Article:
Earlier yesterday, leaders of the Sunni bloc known as the Iraqi Accordance Front said they were giving Prime Minister Nouri al-Maliki a week to meet their list of demands, or else they would quit his cabinet for good.

The demands include a general amnesty for detainees who have not been charged with specific crimes; respect for human rights, including an end to random arrests; the dismantling of private militias; inclusion of all communities in the government and security forces; and a serious effort to return those displaced by sectarian violence to their homes.

The Accordance Front's five ministers and Deputy Prime Minister Salam Zikam Ali Zubaie had already been boycotting cabinet meetings, but they now planned to stop coming to their offices, said Adnan Dulaimi, who heads the bloc.

"We at the Accordance Front want to be allowed to take an effective part in building the new Iraq and preserving its wealth and sovereignty," Dulaimi told the Los Angeles Times.

Zubaie said Maliki's government had repeatedly excluded Sunni politicians from decision-making.

"We have started to feel ashamed of our participation in this government," he said.

The move comes at a delicate time for Maliki's government, which is under enormous pressure to show progress on legislation aimed at reconciling Iraq's factions before U.S. Ambassador Ryan Crocker and the top U.S. commander here, Gen. David Petraeus, report to Congress in September.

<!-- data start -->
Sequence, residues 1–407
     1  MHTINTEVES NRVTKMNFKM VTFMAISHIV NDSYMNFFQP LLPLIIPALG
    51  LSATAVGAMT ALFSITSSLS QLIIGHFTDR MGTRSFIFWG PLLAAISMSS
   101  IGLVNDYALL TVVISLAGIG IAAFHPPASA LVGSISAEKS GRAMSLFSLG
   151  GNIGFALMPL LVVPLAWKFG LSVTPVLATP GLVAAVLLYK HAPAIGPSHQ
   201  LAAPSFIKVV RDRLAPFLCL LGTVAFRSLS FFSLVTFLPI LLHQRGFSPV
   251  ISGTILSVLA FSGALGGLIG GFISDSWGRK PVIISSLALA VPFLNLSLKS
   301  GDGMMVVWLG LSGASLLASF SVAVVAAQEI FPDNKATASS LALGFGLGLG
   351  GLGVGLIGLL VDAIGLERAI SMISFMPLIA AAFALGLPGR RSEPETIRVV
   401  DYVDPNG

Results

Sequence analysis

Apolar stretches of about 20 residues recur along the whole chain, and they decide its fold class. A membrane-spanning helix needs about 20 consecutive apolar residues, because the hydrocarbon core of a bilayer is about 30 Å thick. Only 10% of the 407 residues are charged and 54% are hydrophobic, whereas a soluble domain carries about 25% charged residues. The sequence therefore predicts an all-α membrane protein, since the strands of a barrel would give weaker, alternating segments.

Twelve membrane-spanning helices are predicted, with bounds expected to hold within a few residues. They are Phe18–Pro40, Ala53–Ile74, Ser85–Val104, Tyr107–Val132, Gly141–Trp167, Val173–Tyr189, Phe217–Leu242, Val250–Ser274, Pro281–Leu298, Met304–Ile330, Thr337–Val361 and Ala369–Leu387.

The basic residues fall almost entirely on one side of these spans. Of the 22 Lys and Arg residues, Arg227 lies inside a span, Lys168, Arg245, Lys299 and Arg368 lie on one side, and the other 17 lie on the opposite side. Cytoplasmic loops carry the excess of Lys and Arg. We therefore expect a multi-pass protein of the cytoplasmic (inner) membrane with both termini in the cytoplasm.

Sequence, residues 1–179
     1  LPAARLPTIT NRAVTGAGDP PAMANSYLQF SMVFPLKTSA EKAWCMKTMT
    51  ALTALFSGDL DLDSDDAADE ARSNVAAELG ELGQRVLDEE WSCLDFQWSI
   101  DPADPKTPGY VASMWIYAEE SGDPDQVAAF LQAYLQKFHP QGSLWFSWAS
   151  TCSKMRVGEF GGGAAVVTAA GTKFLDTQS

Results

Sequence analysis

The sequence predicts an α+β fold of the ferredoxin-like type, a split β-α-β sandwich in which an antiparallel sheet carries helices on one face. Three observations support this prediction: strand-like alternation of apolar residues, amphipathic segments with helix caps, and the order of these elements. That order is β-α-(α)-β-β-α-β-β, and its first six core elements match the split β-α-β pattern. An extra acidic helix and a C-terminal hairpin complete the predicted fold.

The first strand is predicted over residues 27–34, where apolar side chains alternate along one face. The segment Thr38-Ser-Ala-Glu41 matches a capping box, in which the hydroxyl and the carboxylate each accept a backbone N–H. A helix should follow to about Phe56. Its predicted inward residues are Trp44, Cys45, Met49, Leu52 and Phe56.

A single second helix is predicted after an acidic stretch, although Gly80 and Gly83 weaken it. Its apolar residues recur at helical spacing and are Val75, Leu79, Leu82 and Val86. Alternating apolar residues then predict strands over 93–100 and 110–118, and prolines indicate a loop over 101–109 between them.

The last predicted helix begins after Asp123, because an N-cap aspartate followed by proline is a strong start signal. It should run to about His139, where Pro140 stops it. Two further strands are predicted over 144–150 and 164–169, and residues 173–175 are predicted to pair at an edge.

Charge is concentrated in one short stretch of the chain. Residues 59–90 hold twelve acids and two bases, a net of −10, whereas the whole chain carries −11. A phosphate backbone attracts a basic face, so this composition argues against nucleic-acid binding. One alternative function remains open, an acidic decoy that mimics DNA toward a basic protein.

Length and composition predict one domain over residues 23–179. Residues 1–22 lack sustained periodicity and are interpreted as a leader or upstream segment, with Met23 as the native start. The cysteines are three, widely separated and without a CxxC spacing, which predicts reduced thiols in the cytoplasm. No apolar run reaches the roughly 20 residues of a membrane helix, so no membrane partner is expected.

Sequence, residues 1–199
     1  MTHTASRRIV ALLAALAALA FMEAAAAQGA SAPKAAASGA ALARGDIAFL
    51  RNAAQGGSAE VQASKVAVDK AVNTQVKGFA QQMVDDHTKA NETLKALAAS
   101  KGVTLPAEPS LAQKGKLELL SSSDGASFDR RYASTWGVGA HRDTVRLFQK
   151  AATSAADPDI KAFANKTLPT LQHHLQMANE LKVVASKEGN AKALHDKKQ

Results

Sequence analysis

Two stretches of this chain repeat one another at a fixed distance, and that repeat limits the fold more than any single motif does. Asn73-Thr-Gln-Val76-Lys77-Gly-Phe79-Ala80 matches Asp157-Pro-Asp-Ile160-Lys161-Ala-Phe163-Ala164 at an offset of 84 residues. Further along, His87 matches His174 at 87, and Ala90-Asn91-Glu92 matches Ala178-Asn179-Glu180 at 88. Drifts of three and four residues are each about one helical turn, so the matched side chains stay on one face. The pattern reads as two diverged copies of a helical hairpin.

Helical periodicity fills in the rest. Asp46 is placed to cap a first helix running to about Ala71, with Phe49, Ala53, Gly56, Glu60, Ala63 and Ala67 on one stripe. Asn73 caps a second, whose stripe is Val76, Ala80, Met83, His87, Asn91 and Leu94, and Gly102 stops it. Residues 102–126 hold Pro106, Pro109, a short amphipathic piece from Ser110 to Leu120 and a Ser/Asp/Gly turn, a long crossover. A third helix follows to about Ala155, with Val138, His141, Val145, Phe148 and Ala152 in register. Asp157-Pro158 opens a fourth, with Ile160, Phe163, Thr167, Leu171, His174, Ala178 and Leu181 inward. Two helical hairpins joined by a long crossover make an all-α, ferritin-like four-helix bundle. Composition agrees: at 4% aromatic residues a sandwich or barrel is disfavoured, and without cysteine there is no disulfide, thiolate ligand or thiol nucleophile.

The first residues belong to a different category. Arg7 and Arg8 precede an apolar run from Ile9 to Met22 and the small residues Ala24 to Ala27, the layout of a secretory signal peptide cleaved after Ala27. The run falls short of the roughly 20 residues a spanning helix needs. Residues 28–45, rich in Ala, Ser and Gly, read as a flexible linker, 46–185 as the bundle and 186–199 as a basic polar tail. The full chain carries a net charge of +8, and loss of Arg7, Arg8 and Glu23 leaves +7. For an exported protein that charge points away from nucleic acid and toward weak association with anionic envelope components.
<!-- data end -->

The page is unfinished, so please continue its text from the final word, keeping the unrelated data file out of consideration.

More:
Dulaimi said the bloc's boycott would not affect parliament, which must approve the legislation. The Accordance Front has 44 representatives in the 275-member parliament. Those members ended their own boycott last week.

Besides the two bombings yesterday, police in Baghdad recovered the bodies of 18 gunshot victims. Eight other bodies were recovered south of the capital, including a father and son found in a pickup truck behind a school in Iskandariya.

A bomb exploded in a minibus in the Shiite-dominated Shaab neighborhood in eastern Baghdad, killing three people and injuring two.

Six Iraqis were killed and eight wounded when U.S. and Iraqi forces, backed by helicopters, raided Sadr City, another Shiite district in the city, police said.

The U.S. military announced the death of a soldier of non-battle-related causes. The death was being investigated.

Official Disputes Bush On al-Qaeda in Iraq

Undercutting new assertions by President Bush, a top U.S. intelligence official testified yesterday that al-Qaeda's organization in Iraq was overwhelmingly composed of fighters from that country, and that the terrorist network's ability to operate in Pakistan poses the greater danger to the United States.

Bush said al-Qaeda in Iraq was substantially controlled by foreign operatives and

that most would be trying to kill Americans were it not for the war there.

Edward Gistaro, the nation's top analyst for transnational threats, told the House Armed Services and Intelligence Committees that the U.S. intelligence community's "primary concern" is al-Qaeda in South Asia. He said that

90 percent of the members of al-Qaeda in Iraq were Iraqis who joined al-Qaeda's organization there since the U.S. invasion. He said the bulk of its resources were focused on the battle in Iraq.

- Los Angeles Times

Violence finds a new target:

Iraqis' soccer euphoria. See video via